Share These icons link to social bookmarking sites where readers can share and discover new web pages.
  • Print
  • email
  • blogmarks
  • Digg
  • del.icio.us
  • Facebook
  • Google Bookmarks
  • Mixx
  • LinkedIn
  • NewsVine
  • StumbleUpon
  • Technorati
  • TwitThis
  • YahooBuzz

Matrix Management/Matrix Leadership

Author: ; Published: Sep 26, 2013; Category: Collaboration, Cross-Functional Teams, Matrix Management, Uncategorized; Tags: None; One Comment»

What’s the difference between leadership and management? The short answer is that leaders make sure that the right things are being done and managers focus on things being done right.  The most valued people tend to be those who can both lead and manage.

 

How are leadership and management responsibilities distributed in a balanced matrix organization? Functional (vertical) senior personnel are primarily responsible for managing the resources and methods for their discipline.  Matrix team (horizontal) senior personnel are primarily responsible for leading cross-functional efforts to achieve specified outcomes.  That’s the classic formulation of roles in a well-designed matrix organization.

 

That said, the word “primarily” becomes especially important to this discussion.  Vertical senior personnel are primarily responsible for managing resources and approaches but they also have leadership responsibilities, just as horizontal senior personnel have primary responsibilities for leading cross-functional efforts but also secondary responsibilities for managing resources which have been matrixed to their team.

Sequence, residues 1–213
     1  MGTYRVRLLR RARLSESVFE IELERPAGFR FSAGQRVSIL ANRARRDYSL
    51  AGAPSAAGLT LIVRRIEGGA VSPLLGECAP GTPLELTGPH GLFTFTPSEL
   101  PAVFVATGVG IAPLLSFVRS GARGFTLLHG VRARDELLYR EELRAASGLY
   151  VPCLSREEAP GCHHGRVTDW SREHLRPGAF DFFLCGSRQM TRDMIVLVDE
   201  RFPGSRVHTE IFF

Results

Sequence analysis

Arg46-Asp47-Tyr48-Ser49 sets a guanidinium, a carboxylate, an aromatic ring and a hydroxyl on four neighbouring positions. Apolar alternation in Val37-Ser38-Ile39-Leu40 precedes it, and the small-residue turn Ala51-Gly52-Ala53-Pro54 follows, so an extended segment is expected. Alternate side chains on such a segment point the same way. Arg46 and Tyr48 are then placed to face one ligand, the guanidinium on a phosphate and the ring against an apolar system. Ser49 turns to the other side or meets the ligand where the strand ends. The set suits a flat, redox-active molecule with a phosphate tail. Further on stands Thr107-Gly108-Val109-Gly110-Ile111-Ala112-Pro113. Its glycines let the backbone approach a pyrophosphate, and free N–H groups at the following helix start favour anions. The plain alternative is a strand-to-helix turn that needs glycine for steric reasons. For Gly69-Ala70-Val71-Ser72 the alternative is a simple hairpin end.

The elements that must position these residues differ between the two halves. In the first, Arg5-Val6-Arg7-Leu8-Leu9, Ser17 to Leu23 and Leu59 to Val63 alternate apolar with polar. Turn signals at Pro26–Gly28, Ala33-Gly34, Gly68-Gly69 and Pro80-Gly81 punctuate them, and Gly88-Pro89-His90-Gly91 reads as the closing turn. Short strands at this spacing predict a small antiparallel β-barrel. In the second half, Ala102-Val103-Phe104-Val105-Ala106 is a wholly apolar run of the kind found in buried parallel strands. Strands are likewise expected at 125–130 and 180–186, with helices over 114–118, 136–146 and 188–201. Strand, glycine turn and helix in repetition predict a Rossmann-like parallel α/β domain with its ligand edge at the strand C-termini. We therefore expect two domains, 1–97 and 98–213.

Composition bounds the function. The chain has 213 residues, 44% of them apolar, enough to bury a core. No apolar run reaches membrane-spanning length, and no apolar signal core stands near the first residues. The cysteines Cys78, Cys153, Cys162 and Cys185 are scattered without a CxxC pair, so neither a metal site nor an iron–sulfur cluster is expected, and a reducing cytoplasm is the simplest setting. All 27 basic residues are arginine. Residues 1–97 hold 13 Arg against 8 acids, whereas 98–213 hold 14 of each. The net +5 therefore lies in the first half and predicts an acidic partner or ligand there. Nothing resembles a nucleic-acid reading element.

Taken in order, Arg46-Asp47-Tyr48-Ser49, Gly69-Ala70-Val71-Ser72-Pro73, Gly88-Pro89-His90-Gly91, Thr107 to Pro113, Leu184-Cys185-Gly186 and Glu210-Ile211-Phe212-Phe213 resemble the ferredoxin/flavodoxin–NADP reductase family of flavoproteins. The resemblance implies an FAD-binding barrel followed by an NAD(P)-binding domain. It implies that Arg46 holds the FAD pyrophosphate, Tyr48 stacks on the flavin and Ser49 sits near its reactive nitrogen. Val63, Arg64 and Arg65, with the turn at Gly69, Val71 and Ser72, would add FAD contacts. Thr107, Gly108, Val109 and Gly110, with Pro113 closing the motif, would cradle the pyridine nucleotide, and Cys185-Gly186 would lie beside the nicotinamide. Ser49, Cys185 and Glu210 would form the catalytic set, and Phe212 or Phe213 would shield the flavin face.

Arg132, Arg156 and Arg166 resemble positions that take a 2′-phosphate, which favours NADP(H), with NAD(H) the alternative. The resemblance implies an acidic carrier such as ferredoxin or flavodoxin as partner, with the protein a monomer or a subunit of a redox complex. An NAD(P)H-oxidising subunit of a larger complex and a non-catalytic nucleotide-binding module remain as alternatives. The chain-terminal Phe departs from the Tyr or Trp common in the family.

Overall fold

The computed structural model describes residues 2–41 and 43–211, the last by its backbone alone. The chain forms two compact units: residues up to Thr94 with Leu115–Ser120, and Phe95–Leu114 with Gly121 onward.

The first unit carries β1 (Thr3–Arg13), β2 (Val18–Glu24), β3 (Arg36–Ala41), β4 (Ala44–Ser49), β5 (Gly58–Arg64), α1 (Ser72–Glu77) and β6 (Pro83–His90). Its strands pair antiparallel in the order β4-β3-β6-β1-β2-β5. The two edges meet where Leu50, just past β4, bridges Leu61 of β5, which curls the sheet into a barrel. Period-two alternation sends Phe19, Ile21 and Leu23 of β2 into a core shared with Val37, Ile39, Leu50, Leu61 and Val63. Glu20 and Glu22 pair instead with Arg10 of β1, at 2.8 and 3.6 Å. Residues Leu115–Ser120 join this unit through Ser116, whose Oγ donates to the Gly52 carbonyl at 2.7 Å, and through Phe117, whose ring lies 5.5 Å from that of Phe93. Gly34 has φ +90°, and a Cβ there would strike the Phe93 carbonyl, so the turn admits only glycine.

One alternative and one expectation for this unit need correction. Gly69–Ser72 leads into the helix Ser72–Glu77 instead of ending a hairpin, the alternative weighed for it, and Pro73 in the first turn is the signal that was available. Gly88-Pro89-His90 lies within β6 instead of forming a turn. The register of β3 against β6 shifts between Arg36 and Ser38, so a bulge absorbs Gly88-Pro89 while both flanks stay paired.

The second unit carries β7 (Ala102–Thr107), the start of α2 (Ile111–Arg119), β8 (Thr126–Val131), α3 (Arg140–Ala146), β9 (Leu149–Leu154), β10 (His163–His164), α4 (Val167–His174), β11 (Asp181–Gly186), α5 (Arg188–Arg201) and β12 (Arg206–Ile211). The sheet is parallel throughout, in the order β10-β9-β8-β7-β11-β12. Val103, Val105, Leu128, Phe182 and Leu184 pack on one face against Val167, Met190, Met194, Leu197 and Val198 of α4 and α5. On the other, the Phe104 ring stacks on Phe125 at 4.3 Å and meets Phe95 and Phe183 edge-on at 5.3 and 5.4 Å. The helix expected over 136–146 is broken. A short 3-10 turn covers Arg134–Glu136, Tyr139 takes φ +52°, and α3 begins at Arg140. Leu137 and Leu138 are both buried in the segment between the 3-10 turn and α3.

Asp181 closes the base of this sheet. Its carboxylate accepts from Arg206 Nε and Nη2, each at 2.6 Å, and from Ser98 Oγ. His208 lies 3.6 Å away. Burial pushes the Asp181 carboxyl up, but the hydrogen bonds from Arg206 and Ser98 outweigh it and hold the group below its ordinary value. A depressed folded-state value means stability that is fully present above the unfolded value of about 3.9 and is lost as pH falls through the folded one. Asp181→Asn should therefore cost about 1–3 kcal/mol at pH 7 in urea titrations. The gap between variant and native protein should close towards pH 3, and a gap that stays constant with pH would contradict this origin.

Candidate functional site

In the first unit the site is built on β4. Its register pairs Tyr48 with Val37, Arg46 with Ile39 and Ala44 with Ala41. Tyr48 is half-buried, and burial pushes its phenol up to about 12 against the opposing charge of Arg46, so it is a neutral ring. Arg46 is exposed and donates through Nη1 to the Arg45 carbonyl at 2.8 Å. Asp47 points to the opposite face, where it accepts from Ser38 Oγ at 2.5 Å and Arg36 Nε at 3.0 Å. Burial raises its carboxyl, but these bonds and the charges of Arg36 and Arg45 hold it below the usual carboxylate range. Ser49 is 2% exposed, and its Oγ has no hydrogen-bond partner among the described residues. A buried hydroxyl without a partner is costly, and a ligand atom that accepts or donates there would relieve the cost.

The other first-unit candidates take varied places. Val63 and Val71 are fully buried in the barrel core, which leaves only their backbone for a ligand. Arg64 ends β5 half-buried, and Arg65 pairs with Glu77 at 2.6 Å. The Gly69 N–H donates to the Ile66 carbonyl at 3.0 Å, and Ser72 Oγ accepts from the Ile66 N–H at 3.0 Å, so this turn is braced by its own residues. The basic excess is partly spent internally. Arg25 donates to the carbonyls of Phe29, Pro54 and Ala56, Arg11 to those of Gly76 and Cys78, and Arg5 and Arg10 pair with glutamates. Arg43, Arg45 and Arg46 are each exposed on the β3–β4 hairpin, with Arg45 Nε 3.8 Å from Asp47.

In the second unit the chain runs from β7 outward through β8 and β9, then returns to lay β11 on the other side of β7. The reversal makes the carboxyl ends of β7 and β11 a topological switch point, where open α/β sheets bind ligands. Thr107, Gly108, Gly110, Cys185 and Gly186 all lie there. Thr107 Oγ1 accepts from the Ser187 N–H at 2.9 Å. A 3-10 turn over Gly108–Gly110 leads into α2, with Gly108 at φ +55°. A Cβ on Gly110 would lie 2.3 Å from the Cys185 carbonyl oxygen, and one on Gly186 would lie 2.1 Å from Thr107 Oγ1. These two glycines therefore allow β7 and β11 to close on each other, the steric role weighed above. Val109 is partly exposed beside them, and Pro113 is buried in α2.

Neither vertical nor horizontal key personnel can abdicate their secondary responsibilities. Indeed, a matrix organization works best when there is constructive tension between the horizontal and vertical dimensions of the enterprise. However, when differences in priorities emerge, which they will inevitably, the primary responsibilities associated with the respective vertical and horizontal roles must govern final decision-making authority.  If roles and rules blur or are suspended or even abandoned, the most common complaints hurled at poorly designed and managed matrix organizations will, unfortunately, play out.

 

The journey to optimum decision-making requires a blend of collaboration, competition, and sometimes conflict through which the vetting of alternatives, contingencies, and potential unintended consequences occurs. This journey is best accomplished when horizontal leaders are capable of thinking and acting as managers and vertical managers are capable of thinking and acting as leaders. Such reciprocal empathy is the basis of healthy communication in any enterprise.